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Are we at a turning point in the industry?

Are we at a turning point in the industry?

Our hotel lawyers were at The Lodging Conference in Phoenix last week, taking the measure of the hotel industry. It was pretty interesting. Some said August was a “turning point,” and they were not referring to a good thing.
While many people at the Lodging Conference said recent market volatility had no impact on them, their transactions or their deals, this was clearly not the case for all. A widely held view was that it seems like someone hit the “PAUSE” button on hotel finance and purchase-sale transactions. Some fear a “reset” button may also have been tripped. The global market turmoil of the past 30 to 60 days triggered by the inability of our politicians to resolve deep U.S. budget issues, along with questions about political resolve by European governments to deal with their own problems, continue to raise major issues. And there are all the usual specters of big increases in taxes, continued high unemployment, sagging consumer confidence, rising labor costs, rampant inflation to deal with US$14 trillion of debt, operating costs rising faster than RevPAR as well as war, plague and pestilence.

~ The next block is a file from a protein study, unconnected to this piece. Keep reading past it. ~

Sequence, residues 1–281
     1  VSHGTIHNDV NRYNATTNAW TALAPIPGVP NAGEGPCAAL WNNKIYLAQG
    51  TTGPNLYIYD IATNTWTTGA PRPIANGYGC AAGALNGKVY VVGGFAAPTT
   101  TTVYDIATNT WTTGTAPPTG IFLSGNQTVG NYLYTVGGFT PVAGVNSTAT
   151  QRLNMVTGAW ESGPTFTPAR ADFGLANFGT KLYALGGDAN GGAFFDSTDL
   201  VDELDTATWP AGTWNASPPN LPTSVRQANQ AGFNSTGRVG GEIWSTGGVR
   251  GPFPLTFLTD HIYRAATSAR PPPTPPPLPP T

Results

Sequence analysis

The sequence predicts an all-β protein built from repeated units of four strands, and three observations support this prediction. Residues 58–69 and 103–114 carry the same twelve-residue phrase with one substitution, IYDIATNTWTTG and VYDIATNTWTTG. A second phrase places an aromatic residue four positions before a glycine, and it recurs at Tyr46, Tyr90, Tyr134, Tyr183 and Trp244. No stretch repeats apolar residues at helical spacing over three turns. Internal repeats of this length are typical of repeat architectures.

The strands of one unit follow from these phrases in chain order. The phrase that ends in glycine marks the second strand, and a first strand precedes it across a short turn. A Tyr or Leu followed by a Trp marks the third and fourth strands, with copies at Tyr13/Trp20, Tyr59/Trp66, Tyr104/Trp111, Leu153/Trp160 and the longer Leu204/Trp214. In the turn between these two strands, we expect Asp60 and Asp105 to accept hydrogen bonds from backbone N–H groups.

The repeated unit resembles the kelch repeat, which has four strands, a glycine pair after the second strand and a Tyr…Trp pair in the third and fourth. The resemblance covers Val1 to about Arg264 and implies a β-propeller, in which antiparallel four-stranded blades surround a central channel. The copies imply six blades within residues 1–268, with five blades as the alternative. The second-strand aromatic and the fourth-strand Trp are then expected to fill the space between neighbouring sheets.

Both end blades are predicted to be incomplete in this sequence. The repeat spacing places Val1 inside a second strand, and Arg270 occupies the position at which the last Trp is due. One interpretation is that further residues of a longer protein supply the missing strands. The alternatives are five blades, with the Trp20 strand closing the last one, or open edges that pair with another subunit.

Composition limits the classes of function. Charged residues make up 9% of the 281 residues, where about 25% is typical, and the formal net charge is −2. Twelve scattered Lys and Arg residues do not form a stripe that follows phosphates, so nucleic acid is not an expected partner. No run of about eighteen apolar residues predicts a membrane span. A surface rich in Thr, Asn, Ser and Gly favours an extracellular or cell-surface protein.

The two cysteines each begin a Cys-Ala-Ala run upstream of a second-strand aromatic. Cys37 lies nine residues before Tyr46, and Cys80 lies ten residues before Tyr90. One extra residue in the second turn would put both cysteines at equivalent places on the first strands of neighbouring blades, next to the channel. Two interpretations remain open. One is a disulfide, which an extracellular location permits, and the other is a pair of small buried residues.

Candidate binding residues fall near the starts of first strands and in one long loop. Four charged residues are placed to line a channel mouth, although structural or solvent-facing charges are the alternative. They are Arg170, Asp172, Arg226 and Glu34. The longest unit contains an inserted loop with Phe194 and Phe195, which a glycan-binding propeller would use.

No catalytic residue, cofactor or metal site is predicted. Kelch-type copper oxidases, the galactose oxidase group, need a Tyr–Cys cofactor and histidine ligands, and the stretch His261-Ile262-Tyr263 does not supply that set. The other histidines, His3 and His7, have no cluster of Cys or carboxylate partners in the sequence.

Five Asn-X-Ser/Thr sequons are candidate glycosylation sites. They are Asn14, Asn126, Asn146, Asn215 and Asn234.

So here are some insights from industry leaders and vignettes JMBM’s hotel lawyers gathered at the Phoenix Lodging Conference. 

Insights

“I am having a hard time being negative. Our worst-case scenario based on a 25% chance of a recession will still show RevPAR growth at a 2.4% increase, which is long-term RevPAR growth average. Positive RevPAR growth is still positive.” – Mark Woodworth, president, PKF Hospitality Research

“The fundamentals of the industry are holding up well. On the transaction side, the first part of the year was very active. We were even doing feasibility studies on new hotels. All markets will be capped out next year. But we saw a definite slowdown in late July and August. Things have slowed way down in the last 45 days. A lot of people are saying, ‘The fundamentals are good, let’s keep moving.’” – Bruce Baltin, senior vice president, PKF Consulting USA